The art career of Alexandre Arrechea began twice: first around 1991 and again on 4 July 2003. (The accuracy with which the artist has recorded the second date has always aroused my curiosity). The thing is that Arrechea was not always an independent artist. For 12 years, he belonged to the famous art group called Los Carpinteros, of which Marco Castillo and Dagoberto Rodríguez were also members.
With this work I suffered a strange and enlightening deception. I got excited about an interpretation of it that turned out to be far from the artist's real purposes. I fantasized that the fight of one black person with a bat and another black person with a machete (both performed by the artist himself), was a representation of intra-racial conflicts or, at least, mistrust within the black population of Cuba or any other place. I included the white wall as a silent, indolent witness or as a supposedly neutral spectator in the face of this problem, which would then introduce a new conflict, this time of inter-racial nature. How many times, when there is a fight between two black people, have we heard a white person say disdainfully: "let them kill each other”? And this indolent exclamation can be repeated when hearing the news that the black population of an African country attacked and killed hundreds of other black Africans for tribal or religious issues. Yet Arrechea wrote to me that the work referred mainly to an inner conflict between his old stand as a member of Los Carpinteros and his current work as an independent artist: "White Corner is, then, one of those pieces that examines that whole process of change and re-conversion. Therefore, the installation is a cry of independence regarding my previous work and of personal conflict
(…) The video shown on that wall arranged in an angle is a perfect ambush, in which there are few possibilities for one Alexandre or the other Alexandre to survive. Only one will be the winner.”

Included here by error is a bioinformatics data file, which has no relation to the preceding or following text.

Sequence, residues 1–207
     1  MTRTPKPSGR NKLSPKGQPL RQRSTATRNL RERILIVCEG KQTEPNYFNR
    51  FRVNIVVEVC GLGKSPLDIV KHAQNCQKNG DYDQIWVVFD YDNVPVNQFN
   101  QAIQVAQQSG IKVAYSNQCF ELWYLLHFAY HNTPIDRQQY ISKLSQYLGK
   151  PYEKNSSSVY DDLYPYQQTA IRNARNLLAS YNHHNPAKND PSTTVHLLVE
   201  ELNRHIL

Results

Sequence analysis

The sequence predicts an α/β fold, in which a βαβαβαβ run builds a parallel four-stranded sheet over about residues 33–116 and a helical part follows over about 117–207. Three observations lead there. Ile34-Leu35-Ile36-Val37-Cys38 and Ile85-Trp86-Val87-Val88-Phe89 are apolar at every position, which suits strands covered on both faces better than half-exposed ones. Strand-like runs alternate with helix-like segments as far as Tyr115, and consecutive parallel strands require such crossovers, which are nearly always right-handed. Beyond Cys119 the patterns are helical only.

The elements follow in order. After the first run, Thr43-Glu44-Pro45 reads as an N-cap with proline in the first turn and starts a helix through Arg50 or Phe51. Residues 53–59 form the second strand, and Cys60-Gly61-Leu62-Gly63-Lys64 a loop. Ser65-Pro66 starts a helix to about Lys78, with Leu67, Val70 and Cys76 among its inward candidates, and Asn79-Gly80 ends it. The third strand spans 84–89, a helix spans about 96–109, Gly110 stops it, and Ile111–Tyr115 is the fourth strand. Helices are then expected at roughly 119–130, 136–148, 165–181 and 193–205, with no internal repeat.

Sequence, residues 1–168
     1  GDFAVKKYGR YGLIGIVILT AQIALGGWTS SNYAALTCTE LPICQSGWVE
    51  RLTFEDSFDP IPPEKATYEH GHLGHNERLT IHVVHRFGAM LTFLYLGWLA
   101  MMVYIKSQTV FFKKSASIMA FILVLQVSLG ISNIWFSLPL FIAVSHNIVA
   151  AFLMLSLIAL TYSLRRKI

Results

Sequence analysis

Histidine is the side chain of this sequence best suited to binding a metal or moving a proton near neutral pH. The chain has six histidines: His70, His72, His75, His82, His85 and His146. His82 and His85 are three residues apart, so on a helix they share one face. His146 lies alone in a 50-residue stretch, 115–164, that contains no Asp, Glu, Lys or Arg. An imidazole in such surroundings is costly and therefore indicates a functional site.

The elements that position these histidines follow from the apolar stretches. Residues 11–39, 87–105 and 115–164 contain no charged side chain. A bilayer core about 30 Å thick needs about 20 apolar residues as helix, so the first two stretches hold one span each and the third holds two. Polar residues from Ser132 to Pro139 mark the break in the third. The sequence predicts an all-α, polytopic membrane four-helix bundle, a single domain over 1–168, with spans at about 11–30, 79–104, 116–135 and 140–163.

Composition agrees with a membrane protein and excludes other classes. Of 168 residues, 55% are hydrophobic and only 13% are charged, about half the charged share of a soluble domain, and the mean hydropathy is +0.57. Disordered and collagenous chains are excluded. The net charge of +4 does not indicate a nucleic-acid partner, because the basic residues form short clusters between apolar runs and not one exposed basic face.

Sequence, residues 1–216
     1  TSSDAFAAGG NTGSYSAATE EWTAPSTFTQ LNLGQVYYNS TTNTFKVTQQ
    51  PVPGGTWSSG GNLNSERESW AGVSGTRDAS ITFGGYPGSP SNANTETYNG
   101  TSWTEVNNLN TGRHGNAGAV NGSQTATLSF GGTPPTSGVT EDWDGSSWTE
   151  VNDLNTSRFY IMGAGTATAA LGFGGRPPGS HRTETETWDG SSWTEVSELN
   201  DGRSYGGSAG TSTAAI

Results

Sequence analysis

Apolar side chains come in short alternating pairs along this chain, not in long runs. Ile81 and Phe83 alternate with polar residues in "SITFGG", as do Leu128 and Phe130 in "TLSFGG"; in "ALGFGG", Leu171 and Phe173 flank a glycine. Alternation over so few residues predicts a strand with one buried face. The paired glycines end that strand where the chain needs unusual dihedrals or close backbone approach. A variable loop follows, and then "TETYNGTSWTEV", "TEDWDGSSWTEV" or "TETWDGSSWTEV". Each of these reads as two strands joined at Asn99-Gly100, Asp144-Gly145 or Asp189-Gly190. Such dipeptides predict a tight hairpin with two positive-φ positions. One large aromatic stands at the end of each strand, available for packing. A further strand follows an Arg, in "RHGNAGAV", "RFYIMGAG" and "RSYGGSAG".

Why, then, did I choose this work for the Afro-Cuban collection knowing that its subject was not, in fact, intra-racial nor inter-racial conflict? Why did I not think that it could be about violence between two people (of any colour) or simply about distrust, a widespread syndrome in our society where, in the face of the ghost of surveillance, nobody dares to speak with total honesty for fear of being accused of being a potential dissident or counter-revolutionary? In fact, the first individual work of Alexandre Arrechea was called El Jardín de la Desconfianza (The Garden of Distrust), and was made in Los Angeles between 2003 and 2006. Its central element was a tree in whose branches the artist had installed video cameras that recorded and sent images of the viewers to the internet. Even knowing this precedent, my imagination was diverted by the presence of two black people waiting for an imminent attack. Was this really a misinterpretation, a prejudiced misreading? As the artist later warned me, all his works are designed to have many readings and, being a black artist, it is unavoidable for the racial problem to be present. But it was not the core of his concerns. Should it be so? Is he forced to address that subject in response to viewers and critics’ expectations because he is a black artist? Would that be my second fiasco, the second betrayal of my white subconscious? Or was I finally beginning to understand the real functioning, the subtle strategy of the works of Alexandre Arrechea?